Generations of tenants tell similar stories about Mark Hersh: They’ve seen him threaten tenants with a baseball bat and sometimes beat them with it. One former tenant says he was the victim of such a beating in 1992. Some say he refused to accept their rent then evicted them for not paying. According to affidavits he takes money from the welfare checks of his disabled tenants in exchange for cashing them. They tell of squalid conditions, tenants begging him for repairs that never get made, and a lack of heat and hot water.
Desmond Giddings, a tenant at the Hersh-owned Colonial House Hotel at 611 West 112th Street, said in a 2002 affidavit, “Just two days ago, I ran into Mark, and he asked me when I was leaving. I will never forget what he said: ‘Whenever I look at you, I don’t see a human; I see a dollar sign.’ Over the years, I also witnessed Mark charging mentally ill tenants ‘fees’ for cashing their checks. They would line up in the lobby and Mark would tell them that he was going to take $100 from each check.” HPD filed Giddings’s affidavit and 12 other tenants’ statements in a 2005 proceeding opposing a permit for Hersh to convert the Colonial into a more profitable residential building.
Giddings is now the sole tenant at the Colonial. He’s lived there for 12 years and although he says he’s afraid of his landlord, he can’t afford to move. A middle-aged African American with a bushy beard and rough hands, Giddings does tai chi–like exercises almost every morning in Riverside Park, then heads off for a job of carpentry or other hard labor. He says the barbarity he described has been going on as long as he’s lived there—before Hersh started emptying the building by buying tenants out, refusing to make repairs, or chasing them off with his bat.
The Voice tapped Hersh in 1990 as one of the city’s worst landlords. He was dubbed the “West Side Batman” for using a bat to intimidate tenants at his Manhattan single-room-occupancy hotels (SROs). Most of them didn’t stay very long. In 1990, his tenants told the Voice, Hersh commanded a goon squad that was told to throw out anyone causing him trouble. Back then, they said, he used to lurk in the hallways at the Colonial—bat in hand—intimidating those who lived in the squalor he lorded over. They said he evicted tenants by force.
Many things have changed in 16 years. In 2006, owning a building on the Upper West Side, between Broadway and Riverside Drive, can be better than discovering gold in your backyard. But that’s only if you can sell the property or renovate it and turn it into something more profitable. Hersh can’t do either. He needs a special permit from HPD, called a certificate of no harassment, to renovate the Colonial. The city won’t give that to him because it says he ran a ruthless campaign to empty the Colonial before he applied for the certificate in 2002. Hersh contends in a brief Voice interview that potential buyers are aware of his fight with the city, so they are making lowball offers that he won’t take. From Hersh’s perspective, he’s sitting on a pile of money and the city is screwing him out of it. He blames it all on Deborah Rand, the former director of the West Side SRO Law Project, who now heads HPD’s increasingly aggressive litigation unit. He says that she’s been out to get him for years and that he’s “never harassed anyone.”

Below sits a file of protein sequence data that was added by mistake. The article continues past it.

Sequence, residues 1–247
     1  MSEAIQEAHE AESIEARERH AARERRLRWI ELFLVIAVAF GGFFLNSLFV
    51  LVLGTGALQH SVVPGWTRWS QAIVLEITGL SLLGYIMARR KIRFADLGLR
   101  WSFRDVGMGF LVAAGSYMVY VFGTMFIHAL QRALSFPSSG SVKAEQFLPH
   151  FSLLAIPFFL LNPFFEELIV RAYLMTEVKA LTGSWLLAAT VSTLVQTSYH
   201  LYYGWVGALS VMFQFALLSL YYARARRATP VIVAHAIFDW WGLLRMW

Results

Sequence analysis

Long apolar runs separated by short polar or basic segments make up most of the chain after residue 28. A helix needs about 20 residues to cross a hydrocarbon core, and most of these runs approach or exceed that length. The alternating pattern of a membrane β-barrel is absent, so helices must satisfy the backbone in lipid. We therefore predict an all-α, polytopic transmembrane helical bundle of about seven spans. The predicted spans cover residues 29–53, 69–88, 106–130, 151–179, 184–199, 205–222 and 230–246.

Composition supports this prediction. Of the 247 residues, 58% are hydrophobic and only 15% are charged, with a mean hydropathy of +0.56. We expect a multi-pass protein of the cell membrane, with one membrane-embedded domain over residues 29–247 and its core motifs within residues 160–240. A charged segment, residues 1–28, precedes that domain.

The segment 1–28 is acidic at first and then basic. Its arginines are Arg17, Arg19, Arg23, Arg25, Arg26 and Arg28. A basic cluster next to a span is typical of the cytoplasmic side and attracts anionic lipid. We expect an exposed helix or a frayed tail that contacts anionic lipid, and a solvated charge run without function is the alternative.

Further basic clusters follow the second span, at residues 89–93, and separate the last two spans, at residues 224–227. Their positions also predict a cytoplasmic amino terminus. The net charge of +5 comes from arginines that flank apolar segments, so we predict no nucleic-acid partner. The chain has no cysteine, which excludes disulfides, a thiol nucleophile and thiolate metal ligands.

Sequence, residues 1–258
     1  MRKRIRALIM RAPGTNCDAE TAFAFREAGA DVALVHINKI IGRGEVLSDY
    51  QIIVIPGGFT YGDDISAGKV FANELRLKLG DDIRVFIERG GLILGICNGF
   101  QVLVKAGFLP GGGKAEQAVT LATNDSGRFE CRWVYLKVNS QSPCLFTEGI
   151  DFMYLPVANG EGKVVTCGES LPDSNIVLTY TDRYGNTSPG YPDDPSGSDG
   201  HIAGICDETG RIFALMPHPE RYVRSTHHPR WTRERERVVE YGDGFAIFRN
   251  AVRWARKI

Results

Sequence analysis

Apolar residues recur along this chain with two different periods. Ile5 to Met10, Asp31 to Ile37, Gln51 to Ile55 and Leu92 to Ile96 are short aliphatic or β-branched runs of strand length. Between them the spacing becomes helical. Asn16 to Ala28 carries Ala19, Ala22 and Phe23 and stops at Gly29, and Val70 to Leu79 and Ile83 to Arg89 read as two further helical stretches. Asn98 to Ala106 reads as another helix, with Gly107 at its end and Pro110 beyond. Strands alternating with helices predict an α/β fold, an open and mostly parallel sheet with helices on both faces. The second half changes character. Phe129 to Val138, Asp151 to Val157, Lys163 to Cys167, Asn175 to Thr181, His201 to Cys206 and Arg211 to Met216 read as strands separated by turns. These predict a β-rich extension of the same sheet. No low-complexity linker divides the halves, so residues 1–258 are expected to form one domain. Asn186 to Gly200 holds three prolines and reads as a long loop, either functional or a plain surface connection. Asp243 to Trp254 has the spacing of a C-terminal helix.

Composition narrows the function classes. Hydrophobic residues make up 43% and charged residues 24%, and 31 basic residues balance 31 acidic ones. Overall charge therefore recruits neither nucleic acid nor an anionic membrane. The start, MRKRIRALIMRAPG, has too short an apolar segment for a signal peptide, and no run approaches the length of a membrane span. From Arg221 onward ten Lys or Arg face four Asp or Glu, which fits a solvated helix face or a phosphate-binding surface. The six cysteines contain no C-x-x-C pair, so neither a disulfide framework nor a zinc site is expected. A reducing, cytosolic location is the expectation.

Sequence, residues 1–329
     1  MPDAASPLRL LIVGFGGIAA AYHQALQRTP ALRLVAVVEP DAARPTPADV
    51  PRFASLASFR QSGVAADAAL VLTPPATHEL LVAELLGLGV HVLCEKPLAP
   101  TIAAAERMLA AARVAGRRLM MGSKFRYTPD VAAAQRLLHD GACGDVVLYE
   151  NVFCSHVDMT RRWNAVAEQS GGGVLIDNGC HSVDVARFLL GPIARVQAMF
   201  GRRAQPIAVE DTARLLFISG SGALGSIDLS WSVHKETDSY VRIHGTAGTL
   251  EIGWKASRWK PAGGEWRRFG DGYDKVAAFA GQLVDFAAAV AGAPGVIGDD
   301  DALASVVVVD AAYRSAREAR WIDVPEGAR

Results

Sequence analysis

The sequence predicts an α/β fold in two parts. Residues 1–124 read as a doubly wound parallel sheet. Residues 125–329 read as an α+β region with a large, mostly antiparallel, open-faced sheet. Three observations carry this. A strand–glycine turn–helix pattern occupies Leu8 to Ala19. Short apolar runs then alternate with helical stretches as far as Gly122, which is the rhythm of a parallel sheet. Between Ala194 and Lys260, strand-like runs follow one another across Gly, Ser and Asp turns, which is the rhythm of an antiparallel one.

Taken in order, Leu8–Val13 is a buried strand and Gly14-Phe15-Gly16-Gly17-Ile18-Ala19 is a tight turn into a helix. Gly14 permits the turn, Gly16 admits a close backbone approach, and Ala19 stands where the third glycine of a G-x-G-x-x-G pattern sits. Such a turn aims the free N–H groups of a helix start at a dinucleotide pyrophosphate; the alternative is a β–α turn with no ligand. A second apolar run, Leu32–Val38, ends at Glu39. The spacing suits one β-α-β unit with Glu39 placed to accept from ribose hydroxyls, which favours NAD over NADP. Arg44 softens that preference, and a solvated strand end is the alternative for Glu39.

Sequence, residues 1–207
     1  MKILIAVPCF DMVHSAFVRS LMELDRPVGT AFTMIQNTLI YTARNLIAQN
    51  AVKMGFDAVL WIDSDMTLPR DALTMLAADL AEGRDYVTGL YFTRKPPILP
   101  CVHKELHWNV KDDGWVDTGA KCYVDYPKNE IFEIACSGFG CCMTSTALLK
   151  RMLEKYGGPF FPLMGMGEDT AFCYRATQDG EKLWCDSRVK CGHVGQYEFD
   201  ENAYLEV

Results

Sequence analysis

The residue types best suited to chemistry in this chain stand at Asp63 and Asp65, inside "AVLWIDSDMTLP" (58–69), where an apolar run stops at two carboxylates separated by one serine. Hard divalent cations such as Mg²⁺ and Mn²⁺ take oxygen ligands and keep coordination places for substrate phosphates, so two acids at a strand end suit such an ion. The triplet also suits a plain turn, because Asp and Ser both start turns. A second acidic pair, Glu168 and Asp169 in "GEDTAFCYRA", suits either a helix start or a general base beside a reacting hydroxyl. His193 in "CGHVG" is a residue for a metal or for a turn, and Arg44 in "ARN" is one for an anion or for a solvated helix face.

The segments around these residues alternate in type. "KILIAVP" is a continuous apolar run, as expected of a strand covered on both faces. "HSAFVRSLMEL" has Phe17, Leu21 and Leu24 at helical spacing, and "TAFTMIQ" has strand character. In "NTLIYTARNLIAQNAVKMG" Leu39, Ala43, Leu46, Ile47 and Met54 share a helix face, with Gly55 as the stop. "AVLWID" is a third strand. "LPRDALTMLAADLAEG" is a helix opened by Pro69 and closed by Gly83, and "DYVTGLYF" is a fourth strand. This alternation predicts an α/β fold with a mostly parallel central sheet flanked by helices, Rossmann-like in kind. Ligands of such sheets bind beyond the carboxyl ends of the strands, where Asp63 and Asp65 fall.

“It’s a catch-22,” Hersh tells the Voice. “They tell you to fix up the building, and then they say you can’t make repairs without a permit, and you can’t get a permit without a no-harassment certificate, which they don’t give. So your hands are tied.”
It’s ironic that Hersh would say this, especially because he received a certificate of no harassment for another building just a few years ago. The city issues them only in cases in which tenants have not been forced out or coerced into giving up their rights. Owner of several SROs, Hersh is familiar with the laws that protect them. He knows what it takes to get a certificate of no harassment: You can’t harass anyone. And administrative law judge John B. Spooner ruled in January that Hersh has done precisely that at the Colonial, finding that the landlord had even “threatened tenants with a bat in an effort to force them to vacate the building.” Hersh filed a lawsuit on May 15 challenging HPD and Spooner’s findings. There are 134 rooms at the Colonial, and most of them were full before Hersh sought the certificate. By 2002, only five tenants remained, and now, just Giddings.
Before the 2005 hearing, Hersh paid hotshot lobbying firm Greenberg Traurig $40,000 to try to convince HPD to give him the certificate without taking the case to court. Lobbyist Edward C. Wallace proffered a $500,000 settlement, that on top of another deal he had made with the Coalition for the Homeless, adding that there was “a better way to resolve the dispute than for each side to gamble on the outcome of the hearing.” The city rolled the dice on the hearing anyway.